North of this arose King's square, on one side of which stood the house of the Duke of Monmouth, after whose execution his friends changed this royal name to Soho,' the watchword with which he advanced to the fatal battle of Sedgemoor. Hanover and Cavendish squares first appeared in the maps about the year 1720; Oxford-street at that time extended no farther than Princes-street, and Bond-street reached only to Conduitmead. Trinity Chapel, which stands in that quarter of the town, has a curious history. It was originally a Popish chapel of wood mounted on wheels, and followed the camp of James II. to Hounslow Heath, where it remained neglected long after the Revolution, till Archbishop Tennison, then rector of St. Martin's, brought it back to its present position, and rebuilt it of more durable materials. .
The venerable Abbey of Westminster, on Thorney Island, was surrounded on three sides by a creek, which opening near Manchester Buildings crossed King's-street and College-street, supplying the Canal in St. James's Park, and thence rejoined the Thames.' The adjacent palace of Edward the Confessor, of which the noble Hall of Rufus and a few fragments only remain, covered both the palace-yards, and extended as far as Whitehall, where it joined to the precincts of York House. On the disgrace of Wolsey, the latter was seized for the use of the king, who from that time kept his court there. St. James's Hospital, till then under the jurisdiction of Eton College, was also seized by Henry VIII. who converted it to a palace, and inclosed the Park, which was afterwards planted by Charles II.
The magnificent palace of Whitehall, designed by Inigo Jones, for James I., was to have comprised six distinct courts; but the beautiful Banqueting-room alone was completed. At that period
the royal palaces occupied the whole of the east side of the street of Whitehall and that part on the west where the Horse-Guards, and the Home Office and Treasury now stand. The site of the present Admiralty was occupied by Wallingford House, where died, in 1632,) of a disease as horrible as her depravity, the infamous Countess of Essex, and from the roof of which Archbishop Usher beheld the execution of his royal master. In Scotland-yard, stood the ancient palace of King Kenneth. Kingstreet, the only thoroughfare, was guarded by a gate; and another of nobler dimensions, designed by Holbein, stood in the midst of Whitehall, and formed the principal entrance to the palace.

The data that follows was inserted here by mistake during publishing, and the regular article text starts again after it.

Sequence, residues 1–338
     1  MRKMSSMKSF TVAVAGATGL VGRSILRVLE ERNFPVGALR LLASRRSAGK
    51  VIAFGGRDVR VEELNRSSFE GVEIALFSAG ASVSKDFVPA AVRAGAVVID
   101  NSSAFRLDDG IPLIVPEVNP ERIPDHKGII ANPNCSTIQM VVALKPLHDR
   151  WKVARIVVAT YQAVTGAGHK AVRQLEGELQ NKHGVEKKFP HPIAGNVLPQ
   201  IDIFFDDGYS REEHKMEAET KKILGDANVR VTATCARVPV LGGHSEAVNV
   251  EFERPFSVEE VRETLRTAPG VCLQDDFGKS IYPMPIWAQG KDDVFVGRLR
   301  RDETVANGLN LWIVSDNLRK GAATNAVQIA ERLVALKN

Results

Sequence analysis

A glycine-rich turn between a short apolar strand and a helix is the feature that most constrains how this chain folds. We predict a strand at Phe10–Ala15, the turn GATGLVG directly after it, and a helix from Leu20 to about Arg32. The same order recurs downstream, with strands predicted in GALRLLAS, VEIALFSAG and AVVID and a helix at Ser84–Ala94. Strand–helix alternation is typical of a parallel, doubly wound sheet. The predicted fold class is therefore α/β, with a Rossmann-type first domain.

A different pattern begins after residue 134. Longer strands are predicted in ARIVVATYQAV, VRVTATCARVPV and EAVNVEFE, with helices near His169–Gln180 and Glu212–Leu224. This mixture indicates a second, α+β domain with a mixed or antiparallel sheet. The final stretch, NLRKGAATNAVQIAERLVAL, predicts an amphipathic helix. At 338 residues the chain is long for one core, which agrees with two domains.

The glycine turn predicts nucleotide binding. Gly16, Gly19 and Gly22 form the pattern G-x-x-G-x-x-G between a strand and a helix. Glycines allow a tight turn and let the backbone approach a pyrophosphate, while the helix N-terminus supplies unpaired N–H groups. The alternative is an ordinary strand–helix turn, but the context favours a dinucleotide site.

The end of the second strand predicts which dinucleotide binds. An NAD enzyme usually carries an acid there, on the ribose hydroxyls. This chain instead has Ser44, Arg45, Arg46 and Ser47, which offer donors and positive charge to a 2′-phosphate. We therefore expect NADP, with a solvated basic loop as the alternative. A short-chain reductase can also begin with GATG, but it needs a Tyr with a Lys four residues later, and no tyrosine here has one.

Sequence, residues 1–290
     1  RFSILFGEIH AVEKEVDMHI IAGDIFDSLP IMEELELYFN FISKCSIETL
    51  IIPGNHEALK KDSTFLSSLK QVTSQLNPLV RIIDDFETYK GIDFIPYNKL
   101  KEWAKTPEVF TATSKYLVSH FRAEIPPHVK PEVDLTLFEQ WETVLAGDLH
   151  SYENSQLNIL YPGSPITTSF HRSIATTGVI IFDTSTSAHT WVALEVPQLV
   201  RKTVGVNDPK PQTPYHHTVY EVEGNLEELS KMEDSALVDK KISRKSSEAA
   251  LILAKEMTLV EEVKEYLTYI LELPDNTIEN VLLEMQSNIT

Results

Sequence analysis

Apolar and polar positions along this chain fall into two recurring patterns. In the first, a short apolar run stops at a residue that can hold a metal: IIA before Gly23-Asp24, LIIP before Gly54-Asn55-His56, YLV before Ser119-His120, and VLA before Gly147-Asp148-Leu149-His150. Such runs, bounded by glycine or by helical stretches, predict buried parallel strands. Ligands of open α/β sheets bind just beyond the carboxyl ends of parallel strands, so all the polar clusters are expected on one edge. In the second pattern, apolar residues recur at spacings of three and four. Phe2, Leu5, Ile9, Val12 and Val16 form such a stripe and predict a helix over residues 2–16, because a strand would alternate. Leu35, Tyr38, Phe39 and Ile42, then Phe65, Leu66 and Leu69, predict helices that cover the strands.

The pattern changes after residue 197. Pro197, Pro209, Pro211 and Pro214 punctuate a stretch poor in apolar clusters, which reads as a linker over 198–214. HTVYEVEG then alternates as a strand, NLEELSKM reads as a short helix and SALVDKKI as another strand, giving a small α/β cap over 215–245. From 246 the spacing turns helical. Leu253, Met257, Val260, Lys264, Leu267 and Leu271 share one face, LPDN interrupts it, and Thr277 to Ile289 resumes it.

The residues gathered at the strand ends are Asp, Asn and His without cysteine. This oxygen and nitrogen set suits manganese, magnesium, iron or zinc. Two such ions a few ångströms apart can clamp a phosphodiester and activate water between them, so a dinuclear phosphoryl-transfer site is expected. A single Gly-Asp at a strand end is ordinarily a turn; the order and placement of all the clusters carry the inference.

When The Great Fire of 1666 destroyed almost the whole city within the walls, London possessed an arehitect worthy of raising the fallen càpital from her ashes. But the citizens ignorantly rejected the beautiful plan of Sir Christopher Wren, who proposed to carry a spacious street in a direct line from St. Paul's to the Exchange, another to the Tower, and a third westward from the same point to Piccadilly. A terrace was to adorn the bank of the river, beside which he intended to place the Halls of the twelve great Companies. The king and his ministers warmly supported this masterly conception, but to little purpose: the citizens cramped Sir Christopher in his operations so as almost wholly to frustrate the design. He effected, nevertheless, great improvement in the comfort and cleanliness of the city, as one proof of which it may be observed, that the plague, which in the preceding year is stated to have carried off 160,000 persons, nevet afterwards appeared.
In 1766 (just a century after) Mr. John Gwynn, an architect of reputation, dedicated to his late Majesty proposals for the improvement of London and Westminster, and plans for the erection of a Royal Palace in Hyde-park, upon a scale of magnificence which would satisfy the most enthusiastic of modern projectors. This work (now scarce) displays excellent taste, and anticipates nearly all the improvements since made or now contemplated. On one of his plans we observe · St. George's-bridge' occupying nearly the site of our bridge of Waterloo, with a noble street leading north through Bow-street. · King's-square' is seen occupying the place of the Mewg. A great street leads north from Pall Mall, nearly in the line of Regent-street, and another east from Piccadilly. Splendid improvements for Whitehall and Palace-yard are also sketched out, as well as a quay on both banks of the river, extending as far as London-bridge.- No part of his ingenious design, however, was adopted: the publication does not appear to have produced any public interest at the time; and Mr. Gwynn